On November 14, 1995, I appeared on a live one hour broadcast on WorldNet TV, a part of the United States Information Agency. It was beamed to US embassies, including Singapore. The issue of the Internet's influnce on Singapore is a heated question. Below is a transcript of how Singapore's leading English-daily, the Straits-Times covered the event.
The Straits Times (Singapore), November 16, 1995.
Shape Internet to reduce US cultural bias, says expert
BYLINE: Hau Boon Lai
Countries can minimise the influence of American culture on the Internet if they "adapt and mould" it according to their own needs, an American cyberspace expert has said. "The Internet is a product of American culture with a preference for the lack of authority," said Mr David Bennahum. He pointed out that countries with views dissimilar from the Americans might find it unsettling when assimilating the Internet into their own culture.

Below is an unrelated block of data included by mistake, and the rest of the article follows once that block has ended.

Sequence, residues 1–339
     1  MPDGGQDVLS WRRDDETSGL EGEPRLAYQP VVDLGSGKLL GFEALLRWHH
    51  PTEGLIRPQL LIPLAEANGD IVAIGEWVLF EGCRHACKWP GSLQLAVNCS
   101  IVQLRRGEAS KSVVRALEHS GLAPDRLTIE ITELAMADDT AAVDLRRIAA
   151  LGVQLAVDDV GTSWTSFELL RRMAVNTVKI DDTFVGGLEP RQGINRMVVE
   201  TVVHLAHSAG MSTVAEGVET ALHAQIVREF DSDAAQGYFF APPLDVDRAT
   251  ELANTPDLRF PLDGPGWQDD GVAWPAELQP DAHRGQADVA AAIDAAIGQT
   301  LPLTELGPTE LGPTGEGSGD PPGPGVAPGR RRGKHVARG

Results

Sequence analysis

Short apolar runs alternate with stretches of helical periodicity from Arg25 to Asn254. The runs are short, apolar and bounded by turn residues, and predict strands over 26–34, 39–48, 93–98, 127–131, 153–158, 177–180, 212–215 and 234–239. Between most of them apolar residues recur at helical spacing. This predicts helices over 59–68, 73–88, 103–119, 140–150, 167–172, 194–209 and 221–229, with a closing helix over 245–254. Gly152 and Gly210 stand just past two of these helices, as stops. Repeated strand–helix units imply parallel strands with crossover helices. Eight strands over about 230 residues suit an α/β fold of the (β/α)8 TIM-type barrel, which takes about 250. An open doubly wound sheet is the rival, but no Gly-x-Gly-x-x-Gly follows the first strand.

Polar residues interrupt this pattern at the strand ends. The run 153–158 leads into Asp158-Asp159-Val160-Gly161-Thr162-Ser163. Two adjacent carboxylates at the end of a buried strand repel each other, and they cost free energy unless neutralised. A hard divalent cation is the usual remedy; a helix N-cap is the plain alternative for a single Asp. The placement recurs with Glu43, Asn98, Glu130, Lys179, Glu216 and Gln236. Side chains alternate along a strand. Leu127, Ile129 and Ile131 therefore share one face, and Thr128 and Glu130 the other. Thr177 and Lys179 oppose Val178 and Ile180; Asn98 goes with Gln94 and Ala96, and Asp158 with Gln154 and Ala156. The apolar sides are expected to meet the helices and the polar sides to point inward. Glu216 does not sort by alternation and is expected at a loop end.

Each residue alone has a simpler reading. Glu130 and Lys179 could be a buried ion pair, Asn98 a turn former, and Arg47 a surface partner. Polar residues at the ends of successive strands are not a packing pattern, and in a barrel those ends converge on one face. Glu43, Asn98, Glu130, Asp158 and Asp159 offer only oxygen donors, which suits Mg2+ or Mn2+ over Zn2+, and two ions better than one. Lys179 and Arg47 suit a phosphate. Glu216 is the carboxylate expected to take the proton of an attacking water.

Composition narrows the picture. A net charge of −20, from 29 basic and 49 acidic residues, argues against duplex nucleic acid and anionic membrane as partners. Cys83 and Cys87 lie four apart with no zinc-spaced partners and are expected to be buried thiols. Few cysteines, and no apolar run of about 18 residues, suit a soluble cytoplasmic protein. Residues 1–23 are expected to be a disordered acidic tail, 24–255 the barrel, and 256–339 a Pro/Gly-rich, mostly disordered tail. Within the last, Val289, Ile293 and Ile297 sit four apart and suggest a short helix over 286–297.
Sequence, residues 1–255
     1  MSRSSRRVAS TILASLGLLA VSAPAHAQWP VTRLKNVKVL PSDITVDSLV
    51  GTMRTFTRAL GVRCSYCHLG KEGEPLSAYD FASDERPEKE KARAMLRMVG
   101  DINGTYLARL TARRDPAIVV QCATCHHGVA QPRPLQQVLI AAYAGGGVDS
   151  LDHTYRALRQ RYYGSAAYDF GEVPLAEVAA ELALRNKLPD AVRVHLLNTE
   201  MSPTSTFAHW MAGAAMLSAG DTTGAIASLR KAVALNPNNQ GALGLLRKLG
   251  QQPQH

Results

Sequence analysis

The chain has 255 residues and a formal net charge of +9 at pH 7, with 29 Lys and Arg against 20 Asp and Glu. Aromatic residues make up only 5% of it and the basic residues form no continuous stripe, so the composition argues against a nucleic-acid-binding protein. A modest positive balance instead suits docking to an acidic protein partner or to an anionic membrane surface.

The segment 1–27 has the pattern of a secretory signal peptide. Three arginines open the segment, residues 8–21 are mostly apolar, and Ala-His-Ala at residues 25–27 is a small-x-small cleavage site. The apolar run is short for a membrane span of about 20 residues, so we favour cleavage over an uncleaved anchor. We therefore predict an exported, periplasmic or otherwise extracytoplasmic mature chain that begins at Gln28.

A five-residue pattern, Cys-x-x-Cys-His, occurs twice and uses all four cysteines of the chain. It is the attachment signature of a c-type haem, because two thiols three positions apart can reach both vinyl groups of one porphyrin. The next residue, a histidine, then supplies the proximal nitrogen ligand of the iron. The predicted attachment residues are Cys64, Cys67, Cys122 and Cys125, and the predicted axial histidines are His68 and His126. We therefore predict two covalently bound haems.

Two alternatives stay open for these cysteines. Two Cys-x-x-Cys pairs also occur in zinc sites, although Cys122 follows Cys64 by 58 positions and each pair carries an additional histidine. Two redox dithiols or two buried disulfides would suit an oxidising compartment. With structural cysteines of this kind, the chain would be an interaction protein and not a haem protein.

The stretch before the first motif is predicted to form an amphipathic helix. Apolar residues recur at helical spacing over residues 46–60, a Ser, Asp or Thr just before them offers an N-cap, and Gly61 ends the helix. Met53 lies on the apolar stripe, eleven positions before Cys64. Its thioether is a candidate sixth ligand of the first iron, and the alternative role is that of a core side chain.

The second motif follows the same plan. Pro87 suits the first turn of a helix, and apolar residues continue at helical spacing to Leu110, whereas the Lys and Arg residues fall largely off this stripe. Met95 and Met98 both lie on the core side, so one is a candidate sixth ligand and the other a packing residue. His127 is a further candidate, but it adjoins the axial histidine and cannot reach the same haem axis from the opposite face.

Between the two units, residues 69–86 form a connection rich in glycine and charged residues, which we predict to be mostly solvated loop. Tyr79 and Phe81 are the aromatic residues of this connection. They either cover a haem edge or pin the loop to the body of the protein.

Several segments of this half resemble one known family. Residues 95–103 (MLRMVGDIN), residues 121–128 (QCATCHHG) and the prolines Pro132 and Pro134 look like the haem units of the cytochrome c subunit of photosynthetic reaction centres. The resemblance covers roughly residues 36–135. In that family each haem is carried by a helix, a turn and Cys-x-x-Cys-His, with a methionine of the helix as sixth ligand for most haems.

Mr Bennahum, who is currently writing a book on the history of cyberspace, stressed that governments had a responsibility to ensure that curbs were maintained in the Internet against "such elements as crime and child exploitation".
"We can have many Internets, each serving its own requirements," he said. He was speaking at the Worldnet Dialogue on Techno Culture, a US live satellite teleconference organised by the United States Information Service. On the influence of the Internet, he observed that a person could now reach millions of others easily. "Traditionally, only people in power could do it," he said. "This raises the question of trust among the users about the information provided by individuals over the Internet," he said. Traditional media such as CNN had an established level of trust among the people about the information they provide, he said. Individuals were now in a position to "create the same level of trust" as the traditional media. "Social groups" also played an important role in reviewing the reliability of the information transmitted over the Internet.
Once governments had the curbs against crime in place, he advised those who were hesitant about using the Internet to just "plug in ... and get ready for a big adventure!"
Copyright 1995, The Straits Times Press Limited.
© 1995 by David S. Bennahum. Direct comments, bugs and so on to me at email@example.com.